James Harden was ‘not playing,’ playing, and then out once again with his ankle injury. He warmed up fairly well but shut it down when the pain worsens, which was the wise thing for all parties involved. And after a big game against the Warriors, it wasn’t surprising to see the Rockets let up going into the break. Jeremy Lin scored 14 points with a full line, Carlos Delfino bombed as the starting shooting guard with just three points on 1-of-6 shooting, Omer Asik was quiet with eight points, seven boards, a steal and a block, Chandler Parsons picked up the slack with 17 points, six rebounds and four assists, Patrick Patterson put up an empty 12 and six, and everybody’s values more or less stayed the same.
LOST IN TRANSLATION
Somewhere along the line Doc started believing that I thought Chauncey Billups was going to outplay Jamal Crawford, which I’ve never thought would be the case, but I did believe that Billups and the Clippers’ depth would have the ability to mess with Crawford – making him a sell-high candidate way back when he was torching the NBA in the season’s first few weeks. Well finally Billups is back, and while I have no idea if he can stay on the floor, he showed a little of what I was talking about with 19 points and four treys in 20 minutes.
I don’t think Billups is a guy that owners should be targeting after one good game, but Crawford’s owners are officially on notice that things are going to get tight. Crawford scored 13 points with two threes, three rebounds and one steal in a line that might start to look commonplace. Caron Butler (back) also returned and scored 19 points with three treys and four assists, but one look at his game log will show owners why they should ignore this line. Eric Bledsoe (17 minutes, two points, three assists, one block) is back where he was fighting for low-end value, and his only real value to owners right now is as a trade deadline stash. Otherwise he’s droppable for a hot free agent once the deadline passes. Matt Barnes (nine points, three treys, 19 minutes) is already feeling the pinch of the Clippers’ depth, and I wouldn’t hang on at the expense of a free agent here, either.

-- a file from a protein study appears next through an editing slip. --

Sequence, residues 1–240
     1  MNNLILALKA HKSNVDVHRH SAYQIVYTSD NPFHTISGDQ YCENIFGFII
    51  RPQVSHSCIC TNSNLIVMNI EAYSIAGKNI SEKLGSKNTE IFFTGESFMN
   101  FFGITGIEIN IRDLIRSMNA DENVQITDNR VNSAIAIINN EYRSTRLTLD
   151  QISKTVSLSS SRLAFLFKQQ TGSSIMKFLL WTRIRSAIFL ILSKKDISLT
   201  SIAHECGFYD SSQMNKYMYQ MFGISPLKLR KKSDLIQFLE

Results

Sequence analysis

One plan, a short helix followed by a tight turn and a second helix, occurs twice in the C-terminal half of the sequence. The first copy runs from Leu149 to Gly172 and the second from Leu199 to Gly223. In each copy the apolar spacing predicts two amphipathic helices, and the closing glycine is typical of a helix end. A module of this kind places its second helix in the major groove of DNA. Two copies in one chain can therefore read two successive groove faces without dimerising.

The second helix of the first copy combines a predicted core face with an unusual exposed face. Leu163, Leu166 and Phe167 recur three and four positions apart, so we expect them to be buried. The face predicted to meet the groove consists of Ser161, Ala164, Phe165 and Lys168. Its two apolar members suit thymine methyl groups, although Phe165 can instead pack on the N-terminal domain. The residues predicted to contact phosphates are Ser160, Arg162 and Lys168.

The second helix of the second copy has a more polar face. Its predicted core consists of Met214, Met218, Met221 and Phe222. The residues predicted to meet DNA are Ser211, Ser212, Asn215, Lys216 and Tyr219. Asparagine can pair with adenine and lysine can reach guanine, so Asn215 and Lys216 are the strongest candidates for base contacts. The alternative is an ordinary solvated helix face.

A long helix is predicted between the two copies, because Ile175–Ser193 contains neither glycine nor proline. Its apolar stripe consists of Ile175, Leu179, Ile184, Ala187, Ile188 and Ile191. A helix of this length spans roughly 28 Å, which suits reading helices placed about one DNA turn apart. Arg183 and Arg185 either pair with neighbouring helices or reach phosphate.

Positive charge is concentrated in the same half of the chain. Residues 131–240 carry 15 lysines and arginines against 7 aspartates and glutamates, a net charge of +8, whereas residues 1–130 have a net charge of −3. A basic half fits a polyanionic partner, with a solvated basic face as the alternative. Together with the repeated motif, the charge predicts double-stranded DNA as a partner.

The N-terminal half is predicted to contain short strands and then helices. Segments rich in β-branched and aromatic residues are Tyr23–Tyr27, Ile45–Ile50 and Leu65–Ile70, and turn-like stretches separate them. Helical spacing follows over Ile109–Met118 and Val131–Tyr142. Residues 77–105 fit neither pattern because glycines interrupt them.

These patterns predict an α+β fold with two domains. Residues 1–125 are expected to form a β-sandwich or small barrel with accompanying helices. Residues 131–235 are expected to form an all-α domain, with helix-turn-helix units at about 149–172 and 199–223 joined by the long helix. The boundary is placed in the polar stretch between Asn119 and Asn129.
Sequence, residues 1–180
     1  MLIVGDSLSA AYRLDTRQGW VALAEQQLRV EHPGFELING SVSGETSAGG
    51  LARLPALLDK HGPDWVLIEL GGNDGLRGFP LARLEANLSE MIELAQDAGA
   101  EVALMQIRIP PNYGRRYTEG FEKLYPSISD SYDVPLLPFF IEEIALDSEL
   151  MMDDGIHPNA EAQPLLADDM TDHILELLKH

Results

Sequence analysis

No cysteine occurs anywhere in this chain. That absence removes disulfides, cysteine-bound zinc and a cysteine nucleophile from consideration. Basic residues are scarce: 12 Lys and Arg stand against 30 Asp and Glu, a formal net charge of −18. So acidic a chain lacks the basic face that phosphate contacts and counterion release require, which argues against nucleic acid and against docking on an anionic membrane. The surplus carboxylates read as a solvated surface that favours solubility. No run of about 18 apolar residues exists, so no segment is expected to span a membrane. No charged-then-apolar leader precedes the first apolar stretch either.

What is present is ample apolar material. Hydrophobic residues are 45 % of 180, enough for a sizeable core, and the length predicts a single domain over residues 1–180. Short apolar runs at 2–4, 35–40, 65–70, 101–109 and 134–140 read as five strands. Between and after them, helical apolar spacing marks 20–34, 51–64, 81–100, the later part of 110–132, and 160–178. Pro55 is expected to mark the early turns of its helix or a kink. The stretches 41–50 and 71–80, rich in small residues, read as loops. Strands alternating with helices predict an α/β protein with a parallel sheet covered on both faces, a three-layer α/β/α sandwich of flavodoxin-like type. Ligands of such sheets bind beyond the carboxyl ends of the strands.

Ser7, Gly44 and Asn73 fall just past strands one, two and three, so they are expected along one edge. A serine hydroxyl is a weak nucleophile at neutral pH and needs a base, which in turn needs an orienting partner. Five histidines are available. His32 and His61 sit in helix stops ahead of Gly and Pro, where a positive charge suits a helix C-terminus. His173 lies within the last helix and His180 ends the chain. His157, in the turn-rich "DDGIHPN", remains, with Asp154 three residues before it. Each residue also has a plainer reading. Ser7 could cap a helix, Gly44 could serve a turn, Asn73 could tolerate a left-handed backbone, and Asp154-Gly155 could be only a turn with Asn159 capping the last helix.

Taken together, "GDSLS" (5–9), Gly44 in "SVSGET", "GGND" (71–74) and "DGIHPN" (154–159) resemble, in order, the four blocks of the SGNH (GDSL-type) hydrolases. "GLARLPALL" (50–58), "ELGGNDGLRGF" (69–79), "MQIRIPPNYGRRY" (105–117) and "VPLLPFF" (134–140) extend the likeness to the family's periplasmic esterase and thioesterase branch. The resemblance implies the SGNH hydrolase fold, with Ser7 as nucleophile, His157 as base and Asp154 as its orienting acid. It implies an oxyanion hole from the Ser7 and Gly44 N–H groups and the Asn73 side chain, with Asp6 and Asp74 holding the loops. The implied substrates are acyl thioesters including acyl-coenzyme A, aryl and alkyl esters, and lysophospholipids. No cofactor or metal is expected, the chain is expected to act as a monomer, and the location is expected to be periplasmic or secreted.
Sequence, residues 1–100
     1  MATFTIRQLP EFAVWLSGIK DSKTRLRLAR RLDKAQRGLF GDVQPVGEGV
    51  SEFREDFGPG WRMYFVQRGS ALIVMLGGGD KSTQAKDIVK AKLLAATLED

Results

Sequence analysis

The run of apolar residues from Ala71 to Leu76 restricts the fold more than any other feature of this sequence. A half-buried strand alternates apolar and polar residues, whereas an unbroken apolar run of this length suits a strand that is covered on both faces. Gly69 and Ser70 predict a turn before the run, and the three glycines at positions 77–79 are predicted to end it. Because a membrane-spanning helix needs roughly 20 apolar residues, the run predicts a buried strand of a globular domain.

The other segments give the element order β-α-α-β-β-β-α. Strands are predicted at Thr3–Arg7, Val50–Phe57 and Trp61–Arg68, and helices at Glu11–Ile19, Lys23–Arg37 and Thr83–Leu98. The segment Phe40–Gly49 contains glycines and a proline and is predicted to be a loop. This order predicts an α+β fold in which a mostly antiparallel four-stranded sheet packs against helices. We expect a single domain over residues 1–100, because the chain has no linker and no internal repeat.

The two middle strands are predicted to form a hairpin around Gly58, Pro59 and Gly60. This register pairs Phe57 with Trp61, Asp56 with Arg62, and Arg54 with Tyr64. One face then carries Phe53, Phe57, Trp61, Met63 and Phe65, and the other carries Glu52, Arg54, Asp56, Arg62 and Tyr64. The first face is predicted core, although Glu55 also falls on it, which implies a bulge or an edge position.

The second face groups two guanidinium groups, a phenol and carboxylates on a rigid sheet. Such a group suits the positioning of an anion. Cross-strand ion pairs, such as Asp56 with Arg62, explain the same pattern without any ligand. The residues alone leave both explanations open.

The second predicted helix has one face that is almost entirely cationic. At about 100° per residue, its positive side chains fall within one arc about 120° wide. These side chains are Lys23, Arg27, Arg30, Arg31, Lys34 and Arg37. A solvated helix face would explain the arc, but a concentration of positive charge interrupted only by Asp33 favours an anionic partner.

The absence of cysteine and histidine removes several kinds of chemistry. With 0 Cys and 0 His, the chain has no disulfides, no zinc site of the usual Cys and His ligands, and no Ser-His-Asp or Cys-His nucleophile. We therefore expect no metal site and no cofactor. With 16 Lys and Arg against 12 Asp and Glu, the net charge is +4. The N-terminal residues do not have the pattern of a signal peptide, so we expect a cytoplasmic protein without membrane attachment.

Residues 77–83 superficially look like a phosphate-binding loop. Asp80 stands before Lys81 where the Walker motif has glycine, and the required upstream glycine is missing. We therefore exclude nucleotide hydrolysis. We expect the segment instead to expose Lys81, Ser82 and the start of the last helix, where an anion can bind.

NEWS AND NOTES
THURSDAY NIGHT LIGHTS
LAC @ LAK: Earl Clark (foot) is expected to play but at this time of year don’t be surprised if that suddenly changes. And in what sets up as an excellent night of basketball, look for the sky to fall if the Clippers take down their in-arena rivals when the lights are dimmed.
****Note, I will not be having my scheduled chat tonight due to travel reasons.